I mostly have no idea what is going on in "Westworld," HBO's new series about a world where artificial consciousness has become a reality. What I can tell you is that Westworld is a theme park that literally recreates towns, terrains and people of the old west. Very wealthy people pay to enter the park and interact with android hosts who are indistinguishable from their human guests. The guests can live out any fantasy and act upon any desire, which in many cases, leaves the hosts riddled with bullet holes or violated in any number of other ways. At the end of each violent act, the hosts' bodies are repaired and their minds wiped clean, ready for the next set of guests.
The other storylines involve the quest of the Man in Black (Ed Harris) to discover the central mystery of the park and another featuring Dolores (Evan Rachel Wood), the oldest host who may have some malicious code implanted by a Westworld cofounder who committed suicide over 30 years ago. There's also the remaining park founder, Dr. Ford (Anthony Hopkins) who is building a new storyline he will not reveal to anyone as well as other hosts who are remembering things they should not. Are these the seeds for a host revolt? Was there one in the past? Are we actually in the past? Are hosts and guests what or who they appear to be?
The online theories posted about these storylines can keep you entertained for hours but the larger challenge is trying to figure out which character's journey to care about as this twisty, philosophical puzzle very slowly reveals itself.
Should I empathize with William (Jimmi Simpson), a guest who is slowly losing his moral code in a place where anything goes? Or should I feel something for Dolores whose "loop" or park storyline means that she has to repeatedly watch the brutal murder of her parents that she is somehow remembering? The show's various mysteries make it difficult to choose. Am I solving a complex narrative puzzle? Or am I identifying with a character as they either slowly unravel, or in Dolores' case, are becoming reborn to a new consciousness?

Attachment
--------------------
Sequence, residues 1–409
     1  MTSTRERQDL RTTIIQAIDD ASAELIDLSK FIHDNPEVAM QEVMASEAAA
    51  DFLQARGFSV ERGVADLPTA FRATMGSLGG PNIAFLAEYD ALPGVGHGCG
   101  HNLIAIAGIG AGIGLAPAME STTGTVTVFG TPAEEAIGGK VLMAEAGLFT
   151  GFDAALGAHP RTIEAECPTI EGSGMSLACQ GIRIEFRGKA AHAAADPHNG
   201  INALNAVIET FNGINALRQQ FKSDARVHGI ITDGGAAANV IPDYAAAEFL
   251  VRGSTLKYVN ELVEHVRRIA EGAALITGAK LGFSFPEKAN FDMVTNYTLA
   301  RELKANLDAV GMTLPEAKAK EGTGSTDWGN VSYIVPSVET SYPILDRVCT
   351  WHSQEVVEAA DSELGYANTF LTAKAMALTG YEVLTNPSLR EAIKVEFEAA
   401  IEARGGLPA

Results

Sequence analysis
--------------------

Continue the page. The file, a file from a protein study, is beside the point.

It's a tricky set of questions and one that keeps the series from being as strong as it could be. Yet, the themes it explores, including what it means to cross social, moral and ethical boundaries with no consequences, make "Westworld" compelling and one of the most interesting series on TV right now. Also entertaining is its mix of genre from the futuristic, science fiction "behind the scenes" of park operations to the western of the construction itself. The cast is great and Wood does a fantastic job of playing a role within a role. She is Dolores, who is capable of expressing fear and sadness and hope and she is a machine who coldly analyzes her programming.
At its heart, "Westworld" asks what it means to be human and despite its maze of headache inducing narratives, that is a question worth sticking around to ponder.
"Westworld" is on Sundays at 9 p.m. EDT on HBO.
-- Melissa Crawley is the author of "Mr. Sorkin Goes to Washington: Shaping the President on Television's 'The West Wing.'" She has a Ph.D. in media studies and is a member of the Television Critics Association. To comment on Stay Tuned, email her at email@example.com or follow her on Twitter at @MelissaCrawley.